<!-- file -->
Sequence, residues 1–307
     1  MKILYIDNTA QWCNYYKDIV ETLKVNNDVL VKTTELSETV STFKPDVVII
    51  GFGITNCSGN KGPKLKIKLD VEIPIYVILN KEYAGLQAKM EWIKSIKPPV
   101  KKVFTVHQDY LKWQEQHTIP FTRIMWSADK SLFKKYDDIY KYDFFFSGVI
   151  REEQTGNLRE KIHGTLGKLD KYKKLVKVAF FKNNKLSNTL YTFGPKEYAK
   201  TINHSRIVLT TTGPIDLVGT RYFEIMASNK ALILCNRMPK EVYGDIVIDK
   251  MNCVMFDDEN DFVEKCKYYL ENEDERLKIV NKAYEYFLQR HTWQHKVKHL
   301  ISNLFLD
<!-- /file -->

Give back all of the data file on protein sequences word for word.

Sequence, residues 1–307
     1  MKILYIDNTA QWCNYYKDIV ETLKVNNDVL VKTTELSETV STFKPDVVII
    51  GFGITNCSGN KGPKLKIKLD VEIPIYVILN KEYAGLQAKM EWIKSIKPPV
   101  KKVFTVHQDY LKWQEQHTIP FTRIMWSADK SLFKKYDDIY KYDFFFSGVI
   151  REEQTGNLRE KIHGTLGKLD KYKKLVKVAF FKNNKLSNTL YTFGPKEYAK
   201  TINHSRIVLT TTGPIDLVGT RYFEIMASNK ALILCNRMPK EVYGDIVIDK
   251  MNCVMFDDEN DFVEKCKYYL ENEDERLKIV NKAYEYFLQR HTWQHKVKHL
   301  ISNLFLD